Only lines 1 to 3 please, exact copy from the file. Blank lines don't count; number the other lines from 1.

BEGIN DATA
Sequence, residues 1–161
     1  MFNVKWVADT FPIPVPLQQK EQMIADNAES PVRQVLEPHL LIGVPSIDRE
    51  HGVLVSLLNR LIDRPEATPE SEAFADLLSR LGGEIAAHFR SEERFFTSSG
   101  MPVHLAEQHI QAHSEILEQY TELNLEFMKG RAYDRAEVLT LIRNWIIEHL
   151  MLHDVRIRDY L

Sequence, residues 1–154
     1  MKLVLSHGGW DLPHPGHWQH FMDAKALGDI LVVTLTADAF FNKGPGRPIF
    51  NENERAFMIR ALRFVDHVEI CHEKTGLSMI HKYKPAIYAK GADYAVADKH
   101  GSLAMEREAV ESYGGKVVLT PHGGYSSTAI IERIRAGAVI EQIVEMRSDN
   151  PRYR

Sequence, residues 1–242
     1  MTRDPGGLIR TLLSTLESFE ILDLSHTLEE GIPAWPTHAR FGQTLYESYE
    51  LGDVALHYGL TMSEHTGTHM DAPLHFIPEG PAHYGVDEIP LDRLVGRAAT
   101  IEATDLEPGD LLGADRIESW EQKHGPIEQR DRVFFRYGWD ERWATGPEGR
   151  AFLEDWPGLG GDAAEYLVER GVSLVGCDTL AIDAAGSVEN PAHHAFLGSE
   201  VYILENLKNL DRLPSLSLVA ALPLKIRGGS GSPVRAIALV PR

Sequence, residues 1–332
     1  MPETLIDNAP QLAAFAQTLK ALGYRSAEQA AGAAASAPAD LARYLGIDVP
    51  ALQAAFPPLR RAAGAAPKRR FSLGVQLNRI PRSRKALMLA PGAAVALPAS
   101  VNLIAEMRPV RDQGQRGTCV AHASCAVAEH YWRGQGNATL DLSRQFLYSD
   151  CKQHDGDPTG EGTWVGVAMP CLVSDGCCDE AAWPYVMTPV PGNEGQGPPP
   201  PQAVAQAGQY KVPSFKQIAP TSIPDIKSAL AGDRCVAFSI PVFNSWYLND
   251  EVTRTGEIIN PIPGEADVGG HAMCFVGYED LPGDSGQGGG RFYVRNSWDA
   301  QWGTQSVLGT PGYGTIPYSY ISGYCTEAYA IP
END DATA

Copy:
Sequence, residues 1–161
     1  MFNVKWVADT FPIPVPLQQK EQMIADNAES PVRQVLEPHL LIGVPSIDRE
    51  HGVLVSLLNR LIDRPEATPE SEAFADLLSR LGGEIAAHFR SEERFFTSSG